Syria 2012

By | March 27, 2021

Yearbook 2012

Syria. The fighting from 2011 developed during the year into a full-scale civil war with often over 100 casualties daily. The regime under Bashar al-Assad became increasingly crowded and responded with mindless aerial and artillery attacks against the rebels in the so-called Free Syrian Army (FSA), something that severely affected civilians.

The regime committed several regular massacres. In the village of Taldou near the town of Hula, the UN reported that 108 residents, including 49 children, were killed May 25 by artillery fire and by the merciless Shabi militia who went door-to-door with knives and firearms. During the year, several reports followed on how the regime’s forces tortured and massacred, among other things. children.

Exactly how the control over the country was distributed between the regime and the FSA was difficult to determine as the fighting raged back and forth. But it was clear that there were battles throughout the country, from July even in Damascus and in the three million city Aleppo in the north. In Aleppo, the rebels made progress, but with fighter jets, attack helicopters and armored infantry, the regime took control of the central part of the city. Tough fighting also raged over supply routes to the border with Turkey.

  • Provides most commonly used acronyms and abbreviations for Syria. Also includes location map, major cities, and country overview.

On several occasions, the major cities were shaken by bomb attacks, the most powerful July 18 when the Security Service headquarters in Damascus exploded and four of al-Assad’s closest men were killed. The Jihadist group Liwa al-Islam, which is a member of the FSA, assumed responsibility for that act.

At the beginning of the year, al-Assad tried to bring about political reform. In a referendum on February 26, they gave voting clear signs for a new constitution that contained some marginal improvements. The new parliamentary election held on May 7 was between members of al-Assad’s Bath Party and Bath Loyal non-party members. After the election, al-Assad appointed Minister of Agriculture Riyad Hijab as new prime minister, but he resigned to the opposition in August and was replaced by Health Minister Wael al-Halqi.

Many other heavy members of the regime also dropped out during the year, often to the FSA. But within the opposition there were also a growing number of jihadists from other Arab countries. At the political level, the dominant opposition Syrian National Council (SNC) in November joined the newly formed National Coalition for Syria’s revolutionary and opposition forces. This also included the FSA and said one Sunni Muslim, Alawite, Christian, Kurdish and secular force. The US, EU, Turkey, Saudi Arabia and Qatar were among those supporting the new coalition.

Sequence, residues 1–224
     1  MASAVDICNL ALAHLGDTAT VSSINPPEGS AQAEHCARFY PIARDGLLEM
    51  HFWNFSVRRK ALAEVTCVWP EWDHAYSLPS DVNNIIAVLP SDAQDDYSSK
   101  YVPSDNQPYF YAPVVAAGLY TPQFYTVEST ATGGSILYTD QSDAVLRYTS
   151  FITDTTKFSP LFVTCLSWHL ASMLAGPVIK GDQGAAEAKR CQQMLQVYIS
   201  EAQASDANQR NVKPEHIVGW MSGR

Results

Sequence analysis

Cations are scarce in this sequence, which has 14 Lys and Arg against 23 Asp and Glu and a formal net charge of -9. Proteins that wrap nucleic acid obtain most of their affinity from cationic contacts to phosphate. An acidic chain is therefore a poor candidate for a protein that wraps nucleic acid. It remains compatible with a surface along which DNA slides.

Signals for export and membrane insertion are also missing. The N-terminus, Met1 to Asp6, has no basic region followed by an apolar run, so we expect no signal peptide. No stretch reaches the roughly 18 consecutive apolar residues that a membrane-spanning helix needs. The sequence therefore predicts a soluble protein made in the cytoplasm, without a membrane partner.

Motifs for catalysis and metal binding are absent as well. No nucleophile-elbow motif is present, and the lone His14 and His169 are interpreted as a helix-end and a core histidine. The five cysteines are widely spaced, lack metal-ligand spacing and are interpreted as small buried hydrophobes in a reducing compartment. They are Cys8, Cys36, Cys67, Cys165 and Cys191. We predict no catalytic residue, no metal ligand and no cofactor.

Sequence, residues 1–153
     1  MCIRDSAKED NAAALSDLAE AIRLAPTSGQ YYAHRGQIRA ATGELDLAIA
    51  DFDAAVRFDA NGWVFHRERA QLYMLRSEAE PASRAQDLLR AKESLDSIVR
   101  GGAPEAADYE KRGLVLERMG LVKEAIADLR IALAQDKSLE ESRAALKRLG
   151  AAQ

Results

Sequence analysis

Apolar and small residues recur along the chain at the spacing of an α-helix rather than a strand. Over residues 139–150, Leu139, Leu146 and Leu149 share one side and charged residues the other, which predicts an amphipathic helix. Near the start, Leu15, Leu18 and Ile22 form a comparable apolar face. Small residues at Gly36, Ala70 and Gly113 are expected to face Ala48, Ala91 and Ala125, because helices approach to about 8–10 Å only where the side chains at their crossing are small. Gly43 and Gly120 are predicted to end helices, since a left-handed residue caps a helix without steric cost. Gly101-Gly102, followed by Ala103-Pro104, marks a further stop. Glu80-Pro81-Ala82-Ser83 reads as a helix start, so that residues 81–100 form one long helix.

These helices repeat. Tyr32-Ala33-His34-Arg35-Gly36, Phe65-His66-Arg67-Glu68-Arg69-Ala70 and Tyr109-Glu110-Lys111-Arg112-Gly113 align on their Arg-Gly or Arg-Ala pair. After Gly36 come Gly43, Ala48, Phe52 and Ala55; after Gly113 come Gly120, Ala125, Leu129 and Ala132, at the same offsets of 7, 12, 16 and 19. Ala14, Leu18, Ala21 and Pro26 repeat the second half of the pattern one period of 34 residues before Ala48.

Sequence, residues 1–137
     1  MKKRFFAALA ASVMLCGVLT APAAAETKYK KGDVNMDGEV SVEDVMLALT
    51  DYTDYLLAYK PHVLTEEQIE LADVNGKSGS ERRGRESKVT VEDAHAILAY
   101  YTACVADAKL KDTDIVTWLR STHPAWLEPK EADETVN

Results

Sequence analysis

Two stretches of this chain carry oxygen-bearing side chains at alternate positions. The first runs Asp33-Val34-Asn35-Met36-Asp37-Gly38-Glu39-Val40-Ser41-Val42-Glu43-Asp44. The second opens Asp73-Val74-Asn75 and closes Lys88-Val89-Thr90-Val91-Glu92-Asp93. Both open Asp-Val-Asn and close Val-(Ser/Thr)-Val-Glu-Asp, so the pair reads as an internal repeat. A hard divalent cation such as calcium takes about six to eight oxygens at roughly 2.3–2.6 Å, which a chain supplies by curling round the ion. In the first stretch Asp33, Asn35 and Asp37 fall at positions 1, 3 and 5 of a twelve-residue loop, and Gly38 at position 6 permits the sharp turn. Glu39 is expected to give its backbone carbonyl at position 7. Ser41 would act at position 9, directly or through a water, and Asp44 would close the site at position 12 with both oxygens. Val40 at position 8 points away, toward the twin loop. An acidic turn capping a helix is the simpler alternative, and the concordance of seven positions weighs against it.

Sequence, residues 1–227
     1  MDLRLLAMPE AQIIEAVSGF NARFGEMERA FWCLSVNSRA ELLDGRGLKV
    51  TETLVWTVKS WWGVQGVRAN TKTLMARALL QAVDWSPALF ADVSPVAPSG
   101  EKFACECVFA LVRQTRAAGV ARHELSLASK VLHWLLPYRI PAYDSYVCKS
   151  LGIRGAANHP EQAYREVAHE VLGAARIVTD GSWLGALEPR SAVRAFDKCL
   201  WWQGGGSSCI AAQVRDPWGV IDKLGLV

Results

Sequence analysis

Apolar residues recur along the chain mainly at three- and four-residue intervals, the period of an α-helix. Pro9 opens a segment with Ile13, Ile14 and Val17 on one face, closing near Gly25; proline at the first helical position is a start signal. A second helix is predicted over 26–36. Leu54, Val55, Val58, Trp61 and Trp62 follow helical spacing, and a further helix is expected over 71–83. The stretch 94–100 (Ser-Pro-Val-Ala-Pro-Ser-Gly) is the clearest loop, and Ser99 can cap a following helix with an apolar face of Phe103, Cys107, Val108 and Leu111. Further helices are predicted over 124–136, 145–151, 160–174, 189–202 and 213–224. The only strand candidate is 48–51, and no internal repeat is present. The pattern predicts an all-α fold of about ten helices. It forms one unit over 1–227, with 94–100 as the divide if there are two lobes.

Otherwise, the world community was closest to action paralysis. Syria’s strong armed forces deterred. The Russian Federation, with interests in Syria, provided arms to al-Assad and together with China blocked several UN resolutions aimed at pushing the regime to a ceasefire. In January, the Arab League called home the observer force it had held in place since 2011. The UN appointed a special envoy for Syria, the former Secretary-General Kofi Annan, who was assisted by a UN force with 300 observers. Others became increasingly frustrated and handed over their assignment to veteran diplomat Lakhdar Brahimi in August at the same time as the UN force left Syria, citing that the terms of the mission were not fulfilled. Assessors believed that diplomacy had thus lost its relevance. A large number of countries closed their embassies in Damascus,

In February, a UN commission ruled that the regime’s abuse of the population involved crimes against humanity. In December, the UN reported that 59,648 people had been killed since the uprising began in spring 2011. The organization Avaaz reported that 18,000 missing persons were also identified. About 500,000 were estimated to have moved abroad, most to neighboring countries. 2.5 million were internally displaced. Even those who avoided the direct battles struggled with water shortages, power outages, extensive unemployment and large price increases on food and fuel.

Syria Neighboring countries

Israel: Syria’s relations with Israel dominated foreign policy as early as the first Arab-Israeli war in 1948. Israel then became a leading dimension in Syrian politics from the1967 Six-Day War, when the Golan Heights were occupied by Israel. There is still a formal war between the two countries after a ceasefire was signed in 1949, monitored by the United Nations United Nations Truce Supervision Organization (UNTSO).